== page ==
Just as innovators came up with Bitcoins as an alternative to the dollar, creative entrepreneurs are coming with technologies to make using precious metals more convenient.  Anthem Blanchard is one of those innovators.

So listen into this edition of The Real Estate Guys™ radio show as we discuss precious metals as an alternative to the dollar for the long term storage of wealth, and how technological innovations can make the use of precious metals in daily commerce less expensive and more convenient.

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If you like this topic, be sure to check out our special report: Real Asset Investing – How to Grow and Protect Your Wealth Against a Falling DollarClick here to request now.

Home Construction Slows – Good or Bad?

The AP headline this morning says “Stock Market Slumps as Home Construction Slows”.  Oh no!  We can hear the pitter patter of mutual fund investors’ feet running to their computers to check the damage to their 401k.

Funny, but when we look at our computer, we see interest rates on 30 year fixed mortgages back under 5%.  Even jumbos are under 6%!  Meanwhile, gold, oil, car prices and CPI (Consumer Price Index) are all up.  (Hint: those are signs of inflation).

When you put all that in the blender, what do you get?  Well, it depends on what color glasses you’re wearing. (Too many metaphors? Sorry.)

Here’s the deal plain and simple: In the US, home and apartment construction is not growing as fast as the population.  Rents are not falling as fast as prices.  Interest rates are ridiculously low.  Toss in gobs of people unemployed, which means they’re missing payments and wrecking their credit.  They won’t be able to buy a home for awhile, so if they can’t keep the one they have, they will be renting.

So what do we have?

• A growing population and influx of people going from homeowner to renter means more demand for residential rentals.

• Less new apartments and homes coming on line mean less supply.

• More competition for fewer rental units means upward pressure on rents, in spite of a weak job market.  Why?  Because people need a place to live.  Next to food, it’s pretty high on most people’s priority list.

• Low interest rates means if you or your investment partners are credit worthy, you can get great (i.e., low) long term interest rates on loans just before what many believe will be an inflationary cycle.  Inflation means anyone in debt will win as the value of the dollar falls.  This is why China is a little miffed at Uncle Sam.   China holds a lot (if you think a trillion is a lot) of US debt and are concerned about a falling dollar.

• Low interest rates also mean lower payments.  Lower payments make it easier to get a property to cash flow without 80% down.  To quote from that fabulous book Equity Happens, “Cash flow controls mortgages. Mortgages control properties. Properties will make you wealthy over time.”  This is true with or without inflation (i.e., appreciation), because you are using the tenant’s money to pay off the loan.   No other investment lets you do that.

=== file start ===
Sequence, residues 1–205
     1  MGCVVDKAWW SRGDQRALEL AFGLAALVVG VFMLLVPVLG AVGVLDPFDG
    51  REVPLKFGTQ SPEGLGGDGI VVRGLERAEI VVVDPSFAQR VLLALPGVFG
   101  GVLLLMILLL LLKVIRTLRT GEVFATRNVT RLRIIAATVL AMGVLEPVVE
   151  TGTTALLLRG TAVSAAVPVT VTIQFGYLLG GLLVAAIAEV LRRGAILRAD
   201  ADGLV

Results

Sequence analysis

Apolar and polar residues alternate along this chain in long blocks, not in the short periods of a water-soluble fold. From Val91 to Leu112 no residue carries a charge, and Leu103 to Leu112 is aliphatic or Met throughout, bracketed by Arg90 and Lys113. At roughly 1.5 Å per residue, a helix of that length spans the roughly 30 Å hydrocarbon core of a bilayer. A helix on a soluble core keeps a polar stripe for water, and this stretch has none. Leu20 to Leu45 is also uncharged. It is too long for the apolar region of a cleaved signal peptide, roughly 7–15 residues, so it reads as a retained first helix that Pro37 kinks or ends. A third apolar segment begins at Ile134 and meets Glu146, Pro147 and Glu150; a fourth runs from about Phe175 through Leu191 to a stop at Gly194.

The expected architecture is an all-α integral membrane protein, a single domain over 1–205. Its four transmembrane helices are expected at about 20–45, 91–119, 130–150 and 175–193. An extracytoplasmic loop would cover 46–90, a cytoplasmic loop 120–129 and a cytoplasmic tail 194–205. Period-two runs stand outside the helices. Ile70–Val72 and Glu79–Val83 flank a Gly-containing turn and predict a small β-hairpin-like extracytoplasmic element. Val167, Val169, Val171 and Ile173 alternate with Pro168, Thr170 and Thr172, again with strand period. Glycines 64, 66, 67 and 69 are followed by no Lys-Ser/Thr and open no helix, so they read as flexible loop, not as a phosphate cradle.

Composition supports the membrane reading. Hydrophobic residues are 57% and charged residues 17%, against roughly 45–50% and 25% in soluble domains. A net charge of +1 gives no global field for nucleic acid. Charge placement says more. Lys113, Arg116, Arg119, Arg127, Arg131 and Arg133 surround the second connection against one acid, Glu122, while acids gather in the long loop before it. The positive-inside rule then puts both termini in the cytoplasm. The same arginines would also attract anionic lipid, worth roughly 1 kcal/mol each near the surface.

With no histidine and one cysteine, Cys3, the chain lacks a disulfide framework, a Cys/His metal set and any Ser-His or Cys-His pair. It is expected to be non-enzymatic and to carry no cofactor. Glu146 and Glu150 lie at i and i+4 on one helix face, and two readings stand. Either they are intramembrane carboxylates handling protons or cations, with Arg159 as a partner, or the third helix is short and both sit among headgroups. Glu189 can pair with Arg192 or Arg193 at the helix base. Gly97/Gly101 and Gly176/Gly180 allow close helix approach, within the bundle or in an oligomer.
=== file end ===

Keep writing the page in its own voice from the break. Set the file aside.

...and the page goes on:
Additional opportunities exist for the extra ambitious.  We call it finding and forcing equity.  How?  With less new units coming on line and many banks and overextended owners letting their properties fall into disrepair, there are opportunities to buy someone else’s problem cheap.   Then, fix it up, rent it out and wait.  If things go your way, you may be able to refinance to get your original investment out – and now you’re in for free.  Kiyosaki calls this “infinite return”.  We like it.

Of course, it’s not all rosy.  Unemployment is still a concern.   And financing (especially refinancing) is harder to qualify for.  But, if it were easy, then everyone would do it and there wouldn’t be opportunity.  Hey, wait a minute.  It’s easy to buy mutual funds, isn’t it?  And everyone does it, don’t they?  Hmmmmm…..

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Is Gold All that Glitters?

The AP reports that gold hit an all time high of $1,118 per ounce today. Do you understand why?  Do you REALLY understand?  And what does gold have to do with real estate (besides that you dig gold out of the ground)?

Great questions!

Gold’s rise is a prime refection of a falling dollar.  Why?  Because when the dollar “falls”, it takes more dollars to buy anything that’s real.  It’s called inflation.  Supply and demand play a factor, so just because the dollar falls, doesn’t mean that gold is going to respond immediately and proportionately.  But in general terms, a falling dollar means inflation of things that are real.  Things like gold, oil and real estate.  Typically, gold really takes off when people are nervous about the dollar.  So take that for what it’s worth.

The Real Estate Guys don’t claim to be experts at gold, but it’s something we’re very interested in.  We watch the demand for gold, oil and treasuries because they give us insight into where cash is moving.  When cash moves into real estate or mortgages, then it helps push real estate values up and equity happens.  Do you see the connection?

Russ just got back from the Rich Dad Art of a Deal conference with Robert Kiyosaki. Rich Dad Gold Advisor Mike Maloney was there and we invited him to be on The Real Estate Guys show.  We figure it he’s smart enough for Mr. Kiyosaki, we’re interested in talking to him.  We want to pick his brains on your behalf and find out what he thinks about the movement of cash and its effect on real estate.  Sound interesting?  Then stay tuned to The Real Estate Guys!  To make sure you don’t miss an episode, subscribe to our free podcast.  And while you’re at it, sign up for the newsletter – and tell a friend.  When you help us grow the audience, we are able to continue to bring you quality guests and programming.  Thanks!